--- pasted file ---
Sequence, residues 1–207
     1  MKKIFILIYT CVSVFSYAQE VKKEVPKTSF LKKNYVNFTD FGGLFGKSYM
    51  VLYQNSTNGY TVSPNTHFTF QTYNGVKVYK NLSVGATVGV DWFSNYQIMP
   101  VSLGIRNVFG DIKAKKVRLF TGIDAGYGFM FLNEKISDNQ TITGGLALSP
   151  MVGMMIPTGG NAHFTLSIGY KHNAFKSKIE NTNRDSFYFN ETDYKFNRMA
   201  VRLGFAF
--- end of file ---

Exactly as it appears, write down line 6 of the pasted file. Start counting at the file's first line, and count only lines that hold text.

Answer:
   201  VRLGFAF